Occupational Safety and Health Administration (OSHA), Labor.
Proposed rule; notice of informal public hearing.
OSHA is scheduling an informal public hearing on its proposed rule “Occupational Exposure to Beryllium and Beryllium Compounds.” The proposed rule was published in the Federal Register on August 7, 2015 and the 90-day public comment period ended on November 5, 2015. This document describes the procedures that will govern this hearing.
Informal public hearing. The hearing will begin on February 29, 2016 at 2 p.m. If necessary, the hearing will continue from 9:30 a.m. to 5:00 p.m., local time, on subsequent days, in Washington, DC.
Informal public hearing. The Washington, DC hearing will be held in Room N4437 A, B, C, D at the Frances Perkins Building, U.S. Department of Labor, 200 Constitution Avenue NW., Washington, DC 20210.
Notice of Intention to appear at the hearing: Interested persons who intend to present testimony or question witnesses at the hearing must submit (transmit, send, postmark, deliver) a notice of intention to appear, by January 29, 2016.
Hearing testimony and documentary evidence. Interested persons who request more than 10 minutes to present testimony or intend to submit documentary evidence at the hearing must submit (transmit, send, postmark, deliver) the full text of their testimony and all documentary evidence by January 29, 2016.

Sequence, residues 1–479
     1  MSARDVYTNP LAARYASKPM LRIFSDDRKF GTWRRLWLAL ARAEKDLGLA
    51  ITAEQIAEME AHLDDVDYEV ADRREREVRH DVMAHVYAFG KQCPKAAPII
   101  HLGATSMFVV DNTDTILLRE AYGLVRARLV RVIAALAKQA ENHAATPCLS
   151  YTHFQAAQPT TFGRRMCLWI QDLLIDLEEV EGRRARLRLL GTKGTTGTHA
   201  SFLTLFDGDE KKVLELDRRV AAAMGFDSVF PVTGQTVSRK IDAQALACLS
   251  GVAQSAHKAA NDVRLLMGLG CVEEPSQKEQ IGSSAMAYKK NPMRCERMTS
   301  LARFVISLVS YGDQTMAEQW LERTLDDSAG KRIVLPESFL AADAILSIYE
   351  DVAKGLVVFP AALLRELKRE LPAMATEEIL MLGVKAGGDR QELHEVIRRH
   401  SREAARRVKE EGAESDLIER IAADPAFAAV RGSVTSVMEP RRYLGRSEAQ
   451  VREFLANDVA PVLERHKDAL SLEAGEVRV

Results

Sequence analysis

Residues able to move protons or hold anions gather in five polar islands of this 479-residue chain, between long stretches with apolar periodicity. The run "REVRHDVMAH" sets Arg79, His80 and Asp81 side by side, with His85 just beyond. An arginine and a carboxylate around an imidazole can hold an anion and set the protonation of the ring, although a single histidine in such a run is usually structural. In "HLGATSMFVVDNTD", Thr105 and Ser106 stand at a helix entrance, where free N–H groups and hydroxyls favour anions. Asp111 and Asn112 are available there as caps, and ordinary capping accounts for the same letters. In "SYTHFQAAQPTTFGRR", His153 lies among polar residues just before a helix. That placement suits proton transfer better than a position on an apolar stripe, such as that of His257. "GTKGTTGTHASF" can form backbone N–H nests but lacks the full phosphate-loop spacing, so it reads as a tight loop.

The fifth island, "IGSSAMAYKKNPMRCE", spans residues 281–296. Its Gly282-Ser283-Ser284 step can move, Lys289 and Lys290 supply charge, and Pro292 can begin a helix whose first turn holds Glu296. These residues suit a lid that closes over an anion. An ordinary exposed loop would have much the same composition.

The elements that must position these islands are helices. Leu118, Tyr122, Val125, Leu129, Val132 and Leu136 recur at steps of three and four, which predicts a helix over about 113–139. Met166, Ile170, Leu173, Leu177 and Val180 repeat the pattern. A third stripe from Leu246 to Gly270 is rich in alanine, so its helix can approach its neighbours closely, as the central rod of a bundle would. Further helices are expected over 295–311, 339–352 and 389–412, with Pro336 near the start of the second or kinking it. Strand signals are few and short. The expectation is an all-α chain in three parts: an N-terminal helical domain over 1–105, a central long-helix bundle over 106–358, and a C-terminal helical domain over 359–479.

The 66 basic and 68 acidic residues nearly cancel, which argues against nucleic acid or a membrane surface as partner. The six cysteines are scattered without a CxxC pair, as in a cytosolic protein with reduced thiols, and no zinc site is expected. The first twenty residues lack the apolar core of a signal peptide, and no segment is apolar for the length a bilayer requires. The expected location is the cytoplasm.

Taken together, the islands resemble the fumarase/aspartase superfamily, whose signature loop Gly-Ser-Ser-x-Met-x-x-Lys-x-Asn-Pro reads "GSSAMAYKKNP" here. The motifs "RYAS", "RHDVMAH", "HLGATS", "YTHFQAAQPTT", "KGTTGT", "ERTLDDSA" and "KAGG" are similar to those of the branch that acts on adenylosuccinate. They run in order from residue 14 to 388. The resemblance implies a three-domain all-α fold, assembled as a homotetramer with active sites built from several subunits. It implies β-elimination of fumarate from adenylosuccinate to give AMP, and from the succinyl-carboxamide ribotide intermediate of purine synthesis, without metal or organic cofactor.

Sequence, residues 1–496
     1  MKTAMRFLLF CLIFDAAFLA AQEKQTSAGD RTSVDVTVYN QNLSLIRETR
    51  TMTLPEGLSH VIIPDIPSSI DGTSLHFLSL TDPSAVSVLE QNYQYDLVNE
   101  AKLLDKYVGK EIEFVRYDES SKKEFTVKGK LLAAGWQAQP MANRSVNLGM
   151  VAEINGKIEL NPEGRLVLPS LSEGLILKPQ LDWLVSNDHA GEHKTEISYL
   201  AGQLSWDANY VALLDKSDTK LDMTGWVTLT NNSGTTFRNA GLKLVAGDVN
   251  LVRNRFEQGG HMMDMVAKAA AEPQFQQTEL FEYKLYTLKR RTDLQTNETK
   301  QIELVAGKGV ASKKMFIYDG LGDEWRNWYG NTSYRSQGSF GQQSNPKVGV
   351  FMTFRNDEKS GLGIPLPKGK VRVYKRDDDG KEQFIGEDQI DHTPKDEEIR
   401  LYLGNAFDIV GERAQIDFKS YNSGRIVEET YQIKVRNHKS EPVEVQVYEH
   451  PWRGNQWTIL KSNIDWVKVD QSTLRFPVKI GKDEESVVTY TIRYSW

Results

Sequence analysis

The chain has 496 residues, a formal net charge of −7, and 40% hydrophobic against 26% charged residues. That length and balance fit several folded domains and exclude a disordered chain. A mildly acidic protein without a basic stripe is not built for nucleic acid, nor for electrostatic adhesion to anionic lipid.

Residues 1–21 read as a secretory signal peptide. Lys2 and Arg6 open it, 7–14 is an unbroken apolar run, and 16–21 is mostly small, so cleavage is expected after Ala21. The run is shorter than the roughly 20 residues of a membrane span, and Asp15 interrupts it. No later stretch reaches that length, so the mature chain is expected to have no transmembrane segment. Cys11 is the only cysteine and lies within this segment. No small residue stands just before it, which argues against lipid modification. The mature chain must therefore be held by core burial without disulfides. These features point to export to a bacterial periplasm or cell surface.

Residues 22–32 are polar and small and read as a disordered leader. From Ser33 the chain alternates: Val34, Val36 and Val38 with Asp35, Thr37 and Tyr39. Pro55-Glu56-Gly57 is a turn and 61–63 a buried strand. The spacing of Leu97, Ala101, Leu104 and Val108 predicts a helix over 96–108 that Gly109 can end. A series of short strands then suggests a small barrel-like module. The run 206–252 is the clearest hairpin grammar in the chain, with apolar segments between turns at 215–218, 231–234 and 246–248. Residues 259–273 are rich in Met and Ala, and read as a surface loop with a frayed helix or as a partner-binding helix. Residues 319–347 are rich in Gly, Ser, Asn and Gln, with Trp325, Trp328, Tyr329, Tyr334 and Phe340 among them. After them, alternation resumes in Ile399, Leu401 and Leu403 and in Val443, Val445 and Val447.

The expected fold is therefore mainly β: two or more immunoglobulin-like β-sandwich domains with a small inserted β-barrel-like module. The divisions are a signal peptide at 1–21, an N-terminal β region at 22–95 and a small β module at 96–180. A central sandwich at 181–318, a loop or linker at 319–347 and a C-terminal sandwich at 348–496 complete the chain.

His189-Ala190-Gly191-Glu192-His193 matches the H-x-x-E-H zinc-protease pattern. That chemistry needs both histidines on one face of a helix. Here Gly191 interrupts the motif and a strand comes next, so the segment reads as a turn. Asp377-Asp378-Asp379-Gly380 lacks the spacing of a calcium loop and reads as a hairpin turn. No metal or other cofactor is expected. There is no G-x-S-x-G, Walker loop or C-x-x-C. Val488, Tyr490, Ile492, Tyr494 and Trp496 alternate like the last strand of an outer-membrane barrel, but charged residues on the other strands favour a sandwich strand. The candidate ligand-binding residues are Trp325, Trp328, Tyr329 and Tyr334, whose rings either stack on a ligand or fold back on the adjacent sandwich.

Methods of submission. All submissions must include the Agency name and the docket number for this rulemaking (OSHA-H005C-2006-0870-0353). Notices of intention to appear, hearing testimony, and documentary evidence may be submitted by any of the following methods:
Federal eRulemaking Portal: http://www.regulations.gov. Follow the instructions online for electronically submitting materials, including attachments;
Fax: If your written submission does not exceed 10 pages, including attachments, you may fax it to the OSHA Docket Office at (202) 693-1648; or
Regular mail, express delivery, hand delivery, and messenger or courier service: Submit your materials to the OSHA Docket Office, Docket No. OSHA-H005C-2006-0870-0353, U.S. Department of Labor, Room N-2625, 200 Constitution Avenue NW., Washington, DC 20210; telephone (202) 693-2350 (TTY number: (877) 889-5627). Deliveries (express mail, hand delivery, and messenger or courier service) are accepted during the OSHA Docket Office's normal hours of operation, 8:15 a.m. to 4:45 p.m., E.T.
Instructions: All submission must include the Agency name and docket number for this rulemaking (OSHA-H005C-2006-0870-0353). All submissions, including any personal information, are placed in the public docket without change and may be available online at http://www.regulations.gov. Therefore, OSHA cautions you about submitting certain personal information such as social security numbers and birth dates. Because of security-related procedures, the use of regular mail may cause a significant delay in the receipt of your submissions. For information about security-related procedures for submitting materials by express delivery, hand delivery, messenger, or courier service, please contact the OSHA Docket Office. For additional information on submitting notices of intention to appear, hearing testimony, or documentary evidence, see the SUPPLEMENTARY INFORMATION section of this notice.